The new 24-inch M1 iMac (available at Apple) is a truly stunning all-in-one PC. With its M1 processor and vibrant 4.5K retina display, you know exactly what you’re getting if you’re familiar with Apple’s M1 MacBooks. This iMac is a jack-of-all-trades, perfect for all but the most demanding tasks, and it comes wrapped in a candy-colored chassis that’s all Apple.
While the 24-inch iMac doesn’t quite replace the more powerful 27-inch Intel iMac, it annihilates the previous 21-inch iMac. We now have the M1 in the MacBook Air, MacBook Pro, Mac Mini, iPad Pro, and finally the 24-inch iMac. Despite its low power draw, the processor crushes most mobile CPUs on the market and holds its own against Intel’s mid-ranged desktop CPUs.
What draws us to the iMac isn’t only the processor, but rather the entire computer itself: gorgeous, brightly colored anodized aluminum across the iMac and the Magic accessories. You can match your PC to your room’s color palette and it still looks sophisticated. The iMac is made to seamlessly integrate into your life, even more so if you’re invested in Apple’s other products.
About the 24-inch iMac All-in-One PC
The iMac starts at $1,299 and comes in green, pink, blue, and silver. The $1,499 model comes in the same colors, plus yellow, orange, and purple. We tested the higher-priced configuration in yellow. Only the higher end models come with an 8-core graphics processor, Ethernet, two extra USB-C ports, and Touch ID.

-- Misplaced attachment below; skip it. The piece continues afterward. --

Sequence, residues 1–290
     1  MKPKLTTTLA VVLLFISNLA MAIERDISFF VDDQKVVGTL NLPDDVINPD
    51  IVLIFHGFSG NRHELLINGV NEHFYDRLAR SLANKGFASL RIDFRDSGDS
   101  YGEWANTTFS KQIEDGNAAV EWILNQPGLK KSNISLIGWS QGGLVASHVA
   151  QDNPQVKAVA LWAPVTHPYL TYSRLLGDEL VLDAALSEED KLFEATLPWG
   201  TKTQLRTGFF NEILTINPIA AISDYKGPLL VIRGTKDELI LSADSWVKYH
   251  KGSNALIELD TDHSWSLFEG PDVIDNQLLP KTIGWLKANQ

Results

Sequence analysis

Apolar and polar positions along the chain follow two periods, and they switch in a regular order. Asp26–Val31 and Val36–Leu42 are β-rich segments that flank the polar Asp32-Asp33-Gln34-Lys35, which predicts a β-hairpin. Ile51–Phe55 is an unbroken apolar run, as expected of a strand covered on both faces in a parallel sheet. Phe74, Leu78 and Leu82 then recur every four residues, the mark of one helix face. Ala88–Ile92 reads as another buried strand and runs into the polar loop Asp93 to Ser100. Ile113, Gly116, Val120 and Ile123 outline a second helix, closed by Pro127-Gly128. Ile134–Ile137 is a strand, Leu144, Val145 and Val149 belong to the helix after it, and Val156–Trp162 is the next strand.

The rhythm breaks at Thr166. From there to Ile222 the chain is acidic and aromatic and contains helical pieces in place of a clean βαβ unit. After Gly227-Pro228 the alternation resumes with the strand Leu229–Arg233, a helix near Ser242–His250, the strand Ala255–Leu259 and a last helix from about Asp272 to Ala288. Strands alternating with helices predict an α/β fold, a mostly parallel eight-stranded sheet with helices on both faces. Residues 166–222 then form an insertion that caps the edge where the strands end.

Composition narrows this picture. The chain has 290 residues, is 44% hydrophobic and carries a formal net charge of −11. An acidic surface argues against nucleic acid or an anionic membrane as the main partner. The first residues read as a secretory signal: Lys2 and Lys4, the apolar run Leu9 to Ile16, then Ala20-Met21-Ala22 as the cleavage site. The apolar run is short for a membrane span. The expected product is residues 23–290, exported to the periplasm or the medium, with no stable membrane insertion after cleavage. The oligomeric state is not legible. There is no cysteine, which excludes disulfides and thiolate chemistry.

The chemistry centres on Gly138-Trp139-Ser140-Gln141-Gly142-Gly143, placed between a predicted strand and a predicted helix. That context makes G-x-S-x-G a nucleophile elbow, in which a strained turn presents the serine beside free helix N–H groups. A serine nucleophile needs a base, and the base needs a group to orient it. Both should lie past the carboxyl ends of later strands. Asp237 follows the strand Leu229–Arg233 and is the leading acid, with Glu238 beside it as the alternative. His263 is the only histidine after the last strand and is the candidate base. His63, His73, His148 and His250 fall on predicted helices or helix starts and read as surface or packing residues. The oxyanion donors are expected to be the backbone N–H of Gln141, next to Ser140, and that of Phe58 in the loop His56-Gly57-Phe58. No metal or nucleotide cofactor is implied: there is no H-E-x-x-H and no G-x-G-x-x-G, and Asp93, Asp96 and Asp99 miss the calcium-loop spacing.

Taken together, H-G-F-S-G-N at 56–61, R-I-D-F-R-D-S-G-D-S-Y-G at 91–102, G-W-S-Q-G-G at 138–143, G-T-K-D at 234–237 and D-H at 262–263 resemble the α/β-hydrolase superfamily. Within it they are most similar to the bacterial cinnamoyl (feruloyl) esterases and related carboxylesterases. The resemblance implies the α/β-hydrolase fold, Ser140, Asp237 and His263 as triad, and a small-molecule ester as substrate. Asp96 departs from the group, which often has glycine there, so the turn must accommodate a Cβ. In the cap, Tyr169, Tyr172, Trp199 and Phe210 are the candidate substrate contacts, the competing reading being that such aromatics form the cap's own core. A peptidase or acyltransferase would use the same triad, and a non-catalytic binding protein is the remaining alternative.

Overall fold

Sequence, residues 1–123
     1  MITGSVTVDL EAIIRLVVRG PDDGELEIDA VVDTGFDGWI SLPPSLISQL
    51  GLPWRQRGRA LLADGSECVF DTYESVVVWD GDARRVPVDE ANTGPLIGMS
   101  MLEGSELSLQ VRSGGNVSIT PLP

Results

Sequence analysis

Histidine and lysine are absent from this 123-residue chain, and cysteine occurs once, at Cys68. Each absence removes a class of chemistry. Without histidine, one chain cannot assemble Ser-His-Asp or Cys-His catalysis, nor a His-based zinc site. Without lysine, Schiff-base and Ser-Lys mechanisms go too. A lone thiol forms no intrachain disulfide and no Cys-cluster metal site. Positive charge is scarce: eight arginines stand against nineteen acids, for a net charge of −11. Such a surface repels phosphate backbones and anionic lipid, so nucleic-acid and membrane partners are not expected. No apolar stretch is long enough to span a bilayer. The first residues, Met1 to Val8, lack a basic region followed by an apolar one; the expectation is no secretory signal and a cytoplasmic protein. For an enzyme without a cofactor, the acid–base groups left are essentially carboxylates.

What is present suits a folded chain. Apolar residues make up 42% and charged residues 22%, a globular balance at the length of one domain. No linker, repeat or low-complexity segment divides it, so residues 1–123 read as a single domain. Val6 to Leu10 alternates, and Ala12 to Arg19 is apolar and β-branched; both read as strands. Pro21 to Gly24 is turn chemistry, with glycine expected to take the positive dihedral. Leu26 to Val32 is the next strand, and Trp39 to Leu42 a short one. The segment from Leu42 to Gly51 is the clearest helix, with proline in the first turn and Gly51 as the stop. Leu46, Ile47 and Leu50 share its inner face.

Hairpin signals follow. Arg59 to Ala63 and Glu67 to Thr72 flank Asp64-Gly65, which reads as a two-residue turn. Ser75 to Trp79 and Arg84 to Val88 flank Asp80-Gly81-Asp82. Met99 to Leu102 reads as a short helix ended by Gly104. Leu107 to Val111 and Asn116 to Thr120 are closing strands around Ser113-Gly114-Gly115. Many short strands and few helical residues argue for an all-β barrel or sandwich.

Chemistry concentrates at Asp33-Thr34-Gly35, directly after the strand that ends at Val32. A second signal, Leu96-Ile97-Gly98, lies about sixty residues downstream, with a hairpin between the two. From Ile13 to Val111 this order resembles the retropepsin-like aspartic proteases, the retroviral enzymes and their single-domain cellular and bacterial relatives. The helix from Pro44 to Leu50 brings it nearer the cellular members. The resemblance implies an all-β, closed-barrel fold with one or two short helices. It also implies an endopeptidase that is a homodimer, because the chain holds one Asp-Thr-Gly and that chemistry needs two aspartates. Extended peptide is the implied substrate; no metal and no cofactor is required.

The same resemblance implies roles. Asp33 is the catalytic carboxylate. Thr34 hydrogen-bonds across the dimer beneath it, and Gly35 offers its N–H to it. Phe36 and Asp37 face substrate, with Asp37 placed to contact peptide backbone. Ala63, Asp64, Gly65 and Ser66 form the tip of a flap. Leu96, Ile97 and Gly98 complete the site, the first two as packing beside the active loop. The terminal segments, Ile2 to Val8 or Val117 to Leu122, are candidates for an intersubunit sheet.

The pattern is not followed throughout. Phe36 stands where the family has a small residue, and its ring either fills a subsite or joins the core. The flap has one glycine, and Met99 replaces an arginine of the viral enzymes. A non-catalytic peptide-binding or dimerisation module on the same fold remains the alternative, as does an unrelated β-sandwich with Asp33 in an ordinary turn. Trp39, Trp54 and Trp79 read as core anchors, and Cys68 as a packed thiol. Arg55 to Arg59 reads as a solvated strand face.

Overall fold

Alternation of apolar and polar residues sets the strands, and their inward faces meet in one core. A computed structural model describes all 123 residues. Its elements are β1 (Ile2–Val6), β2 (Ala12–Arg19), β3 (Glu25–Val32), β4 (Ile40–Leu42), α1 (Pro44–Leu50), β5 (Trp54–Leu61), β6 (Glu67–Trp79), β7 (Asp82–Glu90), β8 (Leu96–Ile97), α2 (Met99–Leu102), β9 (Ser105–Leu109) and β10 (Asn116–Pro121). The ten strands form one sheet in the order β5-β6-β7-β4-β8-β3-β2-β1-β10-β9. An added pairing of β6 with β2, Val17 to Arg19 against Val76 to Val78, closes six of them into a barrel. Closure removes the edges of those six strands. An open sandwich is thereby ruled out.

- Processor: Apple M1 processor with eight main cores and eight graphics cores (seven graphics core version available)
- Memory: 8GB (up to 16GB available)
- Storage: 512GB SSD (up to 2TB available)
- Display: 24-inch 4480p x 2520p Retina display, 500 nits, 100% DCI-P3
- Display Support: Up to one external 6K display at 60Hz
- Webcam: 1080p FaceTime with M1 ISP
- Power: 143W Power adapter
- Connectivity: Wi-Fi 6; Bluetooth 5.0
- Ports: 2 x 10Gb/s USB-C; 2 x Thunderbolt 3 / USB 4; Gigabit Ethernet; 3.5mm headphone jack
- Accessories: 143W Power adapter; power chord; USB-C to Lightning cable; Magic Mouse; Magic Keyboard with Touch ID; Magic Trackpad
- Weight: 9.88 lbs.
- Dimensions: 21.5 in. x 18.1 in. x 5.8 in.
What we like
It’s extremely easy to use
All you need to get started is already in the box: you put the iMac on your desk, plug in the magnetic power cord, and turn on the PC and peripherals. It takes two minutes to get from the sealed package to the login screen. The Magic Mouse, Keyboard, and Trackpad are no different, all of them featuring familiar touch gestures and shortcuts that are present across the rest of Apple’s products.
While it would have been nice to see more ports on the new machine, the existing ports are all useful and easy to locate. On the back of the iMac are two USB-C ports and two Thunderbolt 3 ports. Unlike last generation’s iMac, the headphone jack is on the M1 iMac’s left side as opposed to the rear. If you need a wired internet connection, you can plug directly into Ethernet via a port on the power brick.